- A biopsy is a procedure to remove a small piece of tissue from your lung or pleural lining. The tissue will be sent to a lab for tests. A biopsy may be taken with a needle, or through a small incision in your chest wall.
- A bronchoscopy is a procedure to look inside your airway and learn the cause of your pleural effusion. A bronchoscope (thin tube with a light) is inserted into your mouth and moved down your throat to your airway. Tissue and fluid may be collected and sent to a lab for tests.
- Thoracoscopy is a procedure to look inside your chest and perform tests or treatments. It is sometimes called video-assisted thoracic surgery, or VATS. Caregivers use a special scope to do a VATS or thoracoscopy procedure. A scope is a bendable tube with a light and camera on the end.
- Deep breathing and coughing will decrease your risk for a lung infection. Take a deep breath and hold it for as long as you can. Let the air out and then cough strongly. Deep breaths help open your airway. You may be given an incentive spirometer to help you take deep breaths. Put the plastic piece in your mouth and take a slow, deep breath. Then let the air out and cough. Repeat these steps 10 times every hour.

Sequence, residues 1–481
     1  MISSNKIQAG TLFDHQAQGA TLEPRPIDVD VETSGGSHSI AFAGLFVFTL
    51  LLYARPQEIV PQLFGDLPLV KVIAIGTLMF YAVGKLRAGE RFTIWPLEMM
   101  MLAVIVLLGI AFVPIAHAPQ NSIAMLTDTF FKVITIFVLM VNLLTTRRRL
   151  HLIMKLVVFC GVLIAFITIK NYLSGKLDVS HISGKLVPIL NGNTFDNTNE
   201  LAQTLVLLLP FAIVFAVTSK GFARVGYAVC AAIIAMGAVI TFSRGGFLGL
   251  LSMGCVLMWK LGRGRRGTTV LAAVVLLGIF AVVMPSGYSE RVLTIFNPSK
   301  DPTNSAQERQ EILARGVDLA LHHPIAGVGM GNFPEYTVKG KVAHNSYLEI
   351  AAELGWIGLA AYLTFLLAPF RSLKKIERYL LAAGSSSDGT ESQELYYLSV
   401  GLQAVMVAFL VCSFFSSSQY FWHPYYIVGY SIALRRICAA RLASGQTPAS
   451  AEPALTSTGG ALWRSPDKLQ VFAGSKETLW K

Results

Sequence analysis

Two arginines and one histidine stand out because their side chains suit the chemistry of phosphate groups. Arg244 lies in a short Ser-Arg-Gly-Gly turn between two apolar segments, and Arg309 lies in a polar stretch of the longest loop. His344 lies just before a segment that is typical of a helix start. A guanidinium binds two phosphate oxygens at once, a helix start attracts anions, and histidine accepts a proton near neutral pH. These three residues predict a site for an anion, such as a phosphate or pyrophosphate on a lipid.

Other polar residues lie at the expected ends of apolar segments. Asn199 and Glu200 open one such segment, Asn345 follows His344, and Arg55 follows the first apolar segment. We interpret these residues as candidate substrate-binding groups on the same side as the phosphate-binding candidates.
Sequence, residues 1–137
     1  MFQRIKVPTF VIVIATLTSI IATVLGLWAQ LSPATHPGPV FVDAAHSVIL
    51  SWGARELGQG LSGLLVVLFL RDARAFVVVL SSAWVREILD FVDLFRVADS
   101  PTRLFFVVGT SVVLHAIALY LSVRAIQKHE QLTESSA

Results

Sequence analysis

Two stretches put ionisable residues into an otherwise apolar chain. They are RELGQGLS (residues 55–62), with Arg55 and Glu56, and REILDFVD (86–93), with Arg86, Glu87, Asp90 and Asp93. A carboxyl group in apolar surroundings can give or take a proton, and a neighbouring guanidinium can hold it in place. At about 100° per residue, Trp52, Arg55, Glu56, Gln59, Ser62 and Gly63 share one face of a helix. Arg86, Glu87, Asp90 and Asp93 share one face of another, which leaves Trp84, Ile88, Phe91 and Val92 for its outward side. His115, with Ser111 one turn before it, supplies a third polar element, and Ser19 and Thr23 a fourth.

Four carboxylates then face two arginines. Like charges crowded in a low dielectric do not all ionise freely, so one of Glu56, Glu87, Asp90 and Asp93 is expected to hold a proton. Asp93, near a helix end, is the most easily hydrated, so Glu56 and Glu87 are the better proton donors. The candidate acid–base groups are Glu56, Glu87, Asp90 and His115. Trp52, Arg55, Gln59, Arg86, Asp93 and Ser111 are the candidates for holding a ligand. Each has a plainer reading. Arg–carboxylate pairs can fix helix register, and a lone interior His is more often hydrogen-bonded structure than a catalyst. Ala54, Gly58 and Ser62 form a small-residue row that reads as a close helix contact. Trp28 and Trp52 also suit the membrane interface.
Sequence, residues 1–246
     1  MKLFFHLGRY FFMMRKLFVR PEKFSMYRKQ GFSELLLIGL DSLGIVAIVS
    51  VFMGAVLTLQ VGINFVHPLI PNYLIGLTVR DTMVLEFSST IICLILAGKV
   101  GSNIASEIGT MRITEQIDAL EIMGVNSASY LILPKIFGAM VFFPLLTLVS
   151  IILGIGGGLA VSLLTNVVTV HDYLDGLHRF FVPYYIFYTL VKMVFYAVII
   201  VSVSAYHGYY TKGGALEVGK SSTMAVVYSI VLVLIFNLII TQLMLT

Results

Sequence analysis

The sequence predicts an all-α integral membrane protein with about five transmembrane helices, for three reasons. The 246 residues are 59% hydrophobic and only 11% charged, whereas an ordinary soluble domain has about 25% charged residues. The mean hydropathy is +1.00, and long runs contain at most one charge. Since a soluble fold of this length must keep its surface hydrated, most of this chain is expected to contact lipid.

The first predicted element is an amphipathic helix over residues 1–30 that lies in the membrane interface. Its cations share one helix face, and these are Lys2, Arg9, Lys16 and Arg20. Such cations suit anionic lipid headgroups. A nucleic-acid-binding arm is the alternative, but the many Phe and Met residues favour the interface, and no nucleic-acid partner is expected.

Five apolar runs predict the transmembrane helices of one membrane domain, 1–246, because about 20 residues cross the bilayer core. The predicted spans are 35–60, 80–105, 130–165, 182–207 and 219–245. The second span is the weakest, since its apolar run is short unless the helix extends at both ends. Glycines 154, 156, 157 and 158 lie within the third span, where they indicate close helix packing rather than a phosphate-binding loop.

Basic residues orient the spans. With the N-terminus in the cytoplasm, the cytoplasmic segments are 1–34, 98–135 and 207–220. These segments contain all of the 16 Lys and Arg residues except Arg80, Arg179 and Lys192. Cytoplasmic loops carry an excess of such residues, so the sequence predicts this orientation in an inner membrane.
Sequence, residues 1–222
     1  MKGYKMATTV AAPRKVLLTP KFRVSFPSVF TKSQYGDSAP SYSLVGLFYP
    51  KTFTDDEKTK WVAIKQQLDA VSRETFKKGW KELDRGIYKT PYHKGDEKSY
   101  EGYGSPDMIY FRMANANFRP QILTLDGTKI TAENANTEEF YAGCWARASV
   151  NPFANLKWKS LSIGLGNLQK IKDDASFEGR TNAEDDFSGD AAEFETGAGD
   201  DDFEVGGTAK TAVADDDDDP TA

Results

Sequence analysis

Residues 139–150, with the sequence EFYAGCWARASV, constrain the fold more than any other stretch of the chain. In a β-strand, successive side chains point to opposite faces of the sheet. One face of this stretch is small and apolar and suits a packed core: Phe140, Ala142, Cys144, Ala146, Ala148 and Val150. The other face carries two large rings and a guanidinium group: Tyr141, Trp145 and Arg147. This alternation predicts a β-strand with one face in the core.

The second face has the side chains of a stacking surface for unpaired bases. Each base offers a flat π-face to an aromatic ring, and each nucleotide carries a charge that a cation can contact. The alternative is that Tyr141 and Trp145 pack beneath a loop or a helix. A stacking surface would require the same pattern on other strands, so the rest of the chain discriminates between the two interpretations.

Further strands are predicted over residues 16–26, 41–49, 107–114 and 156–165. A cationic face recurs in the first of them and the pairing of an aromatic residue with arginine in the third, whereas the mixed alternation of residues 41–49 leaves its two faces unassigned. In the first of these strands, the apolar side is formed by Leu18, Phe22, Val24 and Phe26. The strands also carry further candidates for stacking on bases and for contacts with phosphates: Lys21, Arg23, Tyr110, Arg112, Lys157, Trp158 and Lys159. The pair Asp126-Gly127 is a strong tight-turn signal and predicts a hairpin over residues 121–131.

- Drainage of extra pleural fluid may be done using a thoracentesis or a chest tube. A chest tube may stay in your chest for days or weeks. This allows the extra fluid around your lungs to drain over time. You may need medicines put directly into your chest if the fluid does not drain out easily.